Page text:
Tuesday, May 12, 2015

Snow Job

If you haven’t noticed it yet, my new Kirkus Reviews column is devoted to a review of The Storm Murders, which is due out from Minotaur next week. This is the fourth mystery novel by Canadian playwright-novelist Trevor Ferguson writing as “John Farrow.” And like the previous Farrow works (City of Ice, Ice Lake, and the lesser-known River City), it features Émile Cinq-Mars, once a sergeant-detective with Quebec’s Montreal Urban Community Police Department, but now retired to a horse farm--and with a bit too much quiet time on his hands.

As I explain in the Kirkus piece, The Snow Murders finds Cinq-Mars helping to investigate “the recent slaying of a quiet but mysterious couple who’d been living on another isolated Quebec farm.
Two cops who sped to the scene soon after the couple’s slaying met a similar fate, but whoever was responsible for the carnage vanished without leaving obvious clues--or even footprints in surrounding snow. The distinguishing characteristics of this case are that the wife of the farm couple was left naked (if unmolested), and both she and her husband “had the ring fingers of their left hands severed.”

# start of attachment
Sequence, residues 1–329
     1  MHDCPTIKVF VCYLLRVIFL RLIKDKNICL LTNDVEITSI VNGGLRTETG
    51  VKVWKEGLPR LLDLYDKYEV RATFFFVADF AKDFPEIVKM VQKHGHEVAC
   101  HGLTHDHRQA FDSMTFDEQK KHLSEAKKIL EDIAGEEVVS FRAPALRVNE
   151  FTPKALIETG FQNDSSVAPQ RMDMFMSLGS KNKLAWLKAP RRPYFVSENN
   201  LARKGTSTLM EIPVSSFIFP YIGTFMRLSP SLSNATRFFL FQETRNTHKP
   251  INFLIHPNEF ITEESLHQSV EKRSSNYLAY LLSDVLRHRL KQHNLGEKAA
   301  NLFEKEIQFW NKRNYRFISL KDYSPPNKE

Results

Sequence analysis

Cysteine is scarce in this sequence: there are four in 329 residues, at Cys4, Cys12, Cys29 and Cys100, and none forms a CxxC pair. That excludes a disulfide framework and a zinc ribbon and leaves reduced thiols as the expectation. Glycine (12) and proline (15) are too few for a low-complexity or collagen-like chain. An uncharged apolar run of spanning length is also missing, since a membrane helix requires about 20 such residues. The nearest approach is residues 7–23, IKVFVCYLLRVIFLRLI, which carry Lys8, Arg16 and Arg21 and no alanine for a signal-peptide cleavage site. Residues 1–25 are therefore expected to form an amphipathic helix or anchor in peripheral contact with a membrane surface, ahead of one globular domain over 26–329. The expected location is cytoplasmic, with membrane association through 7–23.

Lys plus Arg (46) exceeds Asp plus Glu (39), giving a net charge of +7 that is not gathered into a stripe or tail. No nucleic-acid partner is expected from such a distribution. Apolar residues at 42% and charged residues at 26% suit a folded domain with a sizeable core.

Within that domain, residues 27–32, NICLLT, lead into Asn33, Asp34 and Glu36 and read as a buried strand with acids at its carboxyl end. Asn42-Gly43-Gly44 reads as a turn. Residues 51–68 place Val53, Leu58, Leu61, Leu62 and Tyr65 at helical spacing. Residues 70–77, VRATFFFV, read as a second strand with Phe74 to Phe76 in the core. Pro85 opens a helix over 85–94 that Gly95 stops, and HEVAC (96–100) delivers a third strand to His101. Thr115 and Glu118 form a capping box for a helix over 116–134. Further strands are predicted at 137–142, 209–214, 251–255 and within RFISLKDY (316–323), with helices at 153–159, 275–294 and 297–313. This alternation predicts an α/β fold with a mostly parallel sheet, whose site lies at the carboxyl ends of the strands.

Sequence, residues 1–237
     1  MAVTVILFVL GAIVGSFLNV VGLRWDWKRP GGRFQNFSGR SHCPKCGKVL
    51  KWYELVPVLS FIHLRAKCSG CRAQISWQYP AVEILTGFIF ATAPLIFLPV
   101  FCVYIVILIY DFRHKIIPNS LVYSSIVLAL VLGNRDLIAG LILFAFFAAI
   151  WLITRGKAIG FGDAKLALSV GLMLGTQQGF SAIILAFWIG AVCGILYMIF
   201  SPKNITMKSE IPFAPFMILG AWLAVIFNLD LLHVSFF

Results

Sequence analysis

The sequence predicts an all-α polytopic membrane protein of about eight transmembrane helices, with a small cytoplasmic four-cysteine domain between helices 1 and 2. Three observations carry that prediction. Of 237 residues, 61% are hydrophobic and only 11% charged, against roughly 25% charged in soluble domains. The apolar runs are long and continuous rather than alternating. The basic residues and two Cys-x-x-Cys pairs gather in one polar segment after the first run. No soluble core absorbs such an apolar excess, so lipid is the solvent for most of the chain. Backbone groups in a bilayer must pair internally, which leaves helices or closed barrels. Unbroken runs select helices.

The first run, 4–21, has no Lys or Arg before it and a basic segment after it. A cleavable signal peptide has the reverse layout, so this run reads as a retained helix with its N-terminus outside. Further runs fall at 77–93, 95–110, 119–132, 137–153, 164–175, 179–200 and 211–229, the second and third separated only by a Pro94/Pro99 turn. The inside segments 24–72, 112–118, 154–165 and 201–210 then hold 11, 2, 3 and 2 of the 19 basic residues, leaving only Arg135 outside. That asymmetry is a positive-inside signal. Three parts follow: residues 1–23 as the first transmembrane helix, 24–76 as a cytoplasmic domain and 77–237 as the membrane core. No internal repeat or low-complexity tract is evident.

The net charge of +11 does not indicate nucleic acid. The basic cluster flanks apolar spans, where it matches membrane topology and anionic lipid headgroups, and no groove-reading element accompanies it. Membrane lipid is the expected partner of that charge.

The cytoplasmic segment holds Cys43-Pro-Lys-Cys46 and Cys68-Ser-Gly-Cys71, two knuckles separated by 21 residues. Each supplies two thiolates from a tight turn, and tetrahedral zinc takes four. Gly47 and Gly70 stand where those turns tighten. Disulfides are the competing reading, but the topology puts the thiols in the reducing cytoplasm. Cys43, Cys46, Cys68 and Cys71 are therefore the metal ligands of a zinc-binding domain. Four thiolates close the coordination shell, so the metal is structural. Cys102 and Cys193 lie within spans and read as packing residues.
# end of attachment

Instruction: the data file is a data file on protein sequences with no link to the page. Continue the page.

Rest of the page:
Could this be another in a line of similar murders tracing back to the time of New Orleans’ Hurricane Katrina disaster? And why do all of the victims seem to have such dubious histories? Surrounded by law-enforcement types of questionable trustworthiness, it’s up to Cinq-Mars to stop a killer--before the ex-detective’s own life and that of his younger wife are sacrificed, too.

You’ll find my full review here.

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